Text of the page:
Big data, Hadoop, NoSQL DB - introduction
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Big data, Hadoop, NoSQL DB - introduction



The presenatation is about new idea of storing and processing distributed data.

The presenatation is about new idea of storing and processing distributed data.



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Big data, Hadoop, NoSQL DB - introduction Big data, Hadoop, NoSQL DB - introduction Presentation Transcript

  • Big Data, Hadoop, NoSQL DB - Introduction Ing. Ľuboš Takáč, PhD. University of Žilina November, 2013
  • Overview • Big Data • Hadoop – HDFS – Map Reduce Paradigm • NoSQL Databases
  • Big Data • the origin of the term “BIG DATA” is unclear • there are a lot of definitions, e.g. “Big data is now almost universally understood to refer to the realization of greater business intelligence by storing, processing, and analyzing data that was previously ignored due to the limitations of traditional data management technologies.” Matt Aslett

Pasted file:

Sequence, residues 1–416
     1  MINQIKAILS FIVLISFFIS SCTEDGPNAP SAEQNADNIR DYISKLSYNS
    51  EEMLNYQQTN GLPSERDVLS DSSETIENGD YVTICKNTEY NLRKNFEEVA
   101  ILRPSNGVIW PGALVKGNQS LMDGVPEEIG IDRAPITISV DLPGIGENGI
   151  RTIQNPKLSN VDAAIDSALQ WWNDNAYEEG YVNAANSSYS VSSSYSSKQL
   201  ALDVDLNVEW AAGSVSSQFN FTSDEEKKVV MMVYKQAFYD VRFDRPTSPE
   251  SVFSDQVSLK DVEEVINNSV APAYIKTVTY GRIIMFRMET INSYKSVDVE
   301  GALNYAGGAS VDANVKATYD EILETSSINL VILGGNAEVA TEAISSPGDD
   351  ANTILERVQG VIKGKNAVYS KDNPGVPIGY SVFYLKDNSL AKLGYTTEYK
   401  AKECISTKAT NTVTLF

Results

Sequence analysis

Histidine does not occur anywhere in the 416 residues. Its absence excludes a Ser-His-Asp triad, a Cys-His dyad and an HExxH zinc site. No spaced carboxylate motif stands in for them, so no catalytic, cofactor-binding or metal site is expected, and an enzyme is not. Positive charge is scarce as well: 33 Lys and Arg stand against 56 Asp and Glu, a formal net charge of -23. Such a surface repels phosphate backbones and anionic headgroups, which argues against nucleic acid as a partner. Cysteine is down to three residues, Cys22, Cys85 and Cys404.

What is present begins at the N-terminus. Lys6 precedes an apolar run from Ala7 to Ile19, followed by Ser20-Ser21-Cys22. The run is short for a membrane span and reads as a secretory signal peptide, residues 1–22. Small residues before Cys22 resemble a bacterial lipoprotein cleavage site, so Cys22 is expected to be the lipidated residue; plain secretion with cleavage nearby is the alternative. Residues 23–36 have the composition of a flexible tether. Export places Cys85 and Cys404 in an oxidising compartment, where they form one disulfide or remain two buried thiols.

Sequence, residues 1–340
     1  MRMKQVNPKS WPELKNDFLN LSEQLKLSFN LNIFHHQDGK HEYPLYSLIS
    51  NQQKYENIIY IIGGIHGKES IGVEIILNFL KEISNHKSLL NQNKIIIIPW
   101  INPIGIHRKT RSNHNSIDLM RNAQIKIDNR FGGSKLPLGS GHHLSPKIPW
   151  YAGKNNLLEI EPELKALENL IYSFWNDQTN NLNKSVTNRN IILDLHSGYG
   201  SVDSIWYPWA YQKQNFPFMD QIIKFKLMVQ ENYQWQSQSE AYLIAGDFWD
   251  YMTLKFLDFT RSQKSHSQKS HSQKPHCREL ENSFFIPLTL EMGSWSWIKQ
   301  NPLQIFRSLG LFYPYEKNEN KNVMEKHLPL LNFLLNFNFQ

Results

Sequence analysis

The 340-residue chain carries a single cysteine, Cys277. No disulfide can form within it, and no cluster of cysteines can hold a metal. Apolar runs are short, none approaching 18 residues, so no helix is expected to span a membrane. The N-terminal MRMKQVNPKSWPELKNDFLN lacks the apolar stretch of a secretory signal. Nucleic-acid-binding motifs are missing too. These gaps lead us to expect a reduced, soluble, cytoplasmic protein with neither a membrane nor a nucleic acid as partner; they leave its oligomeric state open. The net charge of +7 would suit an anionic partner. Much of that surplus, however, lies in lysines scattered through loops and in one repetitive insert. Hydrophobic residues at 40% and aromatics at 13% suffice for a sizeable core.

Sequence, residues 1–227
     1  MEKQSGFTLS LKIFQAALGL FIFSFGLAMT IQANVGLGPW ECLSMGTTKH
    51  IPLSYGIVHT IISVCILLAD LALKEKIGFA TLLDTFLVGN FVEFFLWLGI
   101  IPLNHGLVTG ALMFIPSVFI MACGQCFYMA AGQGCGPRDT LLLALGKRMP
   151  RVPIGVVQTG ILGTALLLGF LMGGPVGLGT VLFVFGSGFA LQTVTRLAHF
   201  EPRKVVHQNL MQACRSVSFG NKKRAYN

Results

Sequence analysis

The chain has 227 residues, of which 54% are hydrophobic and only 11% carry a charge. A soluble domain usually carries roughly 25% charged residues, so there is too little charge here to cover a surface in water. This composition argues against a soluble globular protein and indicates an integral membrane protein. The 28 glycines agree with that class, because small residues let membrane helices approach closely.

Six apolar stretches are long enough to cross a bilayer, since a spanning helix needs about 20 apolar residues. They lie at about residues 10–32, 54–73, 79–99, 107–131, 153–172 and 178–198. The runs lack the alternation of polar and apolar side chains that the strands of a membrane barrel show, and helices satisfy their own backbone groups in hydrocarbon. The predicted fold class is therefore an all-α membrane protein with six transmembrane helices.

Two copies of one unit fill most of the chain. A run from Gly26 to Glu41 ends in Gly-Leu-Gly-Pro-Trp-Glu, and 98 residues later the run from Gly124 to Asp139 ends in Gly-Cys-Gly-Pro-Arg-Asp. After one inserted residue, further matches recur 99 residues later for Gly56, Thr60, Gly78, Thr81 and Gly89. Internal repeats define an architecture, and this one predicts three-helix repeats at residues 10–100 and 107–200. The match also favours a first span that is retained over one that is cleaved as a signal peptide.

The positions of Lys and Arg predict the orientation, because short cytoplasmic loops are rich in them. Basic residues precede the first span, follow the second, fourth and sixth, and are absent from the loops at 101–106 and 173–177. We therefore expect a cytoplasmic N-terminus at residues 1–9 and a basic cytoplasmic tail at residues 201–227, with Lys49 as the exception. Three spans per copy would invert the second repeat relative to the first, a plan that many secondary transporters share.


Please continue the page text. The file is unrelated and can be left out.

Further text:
• Big Data • Can be defined by (original) 3V – Volume (a lot of data) – Variety (various structured) – Velocity (fast processing) – other V • Veracity (IBM) • Value (Oracle) • Etc.
  • Where are Big Data Generated
  • Sample of Big Data Use Cases Today
  • Hadoop • new idea to store and process distributed data • open source project based on google GFS (Google distributed File System) and Map Reduce Paradigm – google published papers in 2003-2004 about GFS and Map Reduce • open source community led by Dough Cutting applied this tools on open search engine Nutch • 2006 became an own research project named HADOOP
  • Different Approach for Data Processing powerful hardware commodity hardware
  • HDFS (Hadoop Distributed File System) • the core part of Hadoop • open source implementation of Google's GFS (Google File System) • designed for commodity hardware • responsible for distributing files throughout the cluster (connected PCs in hadoop) • designed for high throughput rather than low latency • typical files are in GB size • files are broken down into blocks (64MB, 128MB) • blocks are replicated (typical 3 replicas) • rack aware, write once (append) • fault tolerance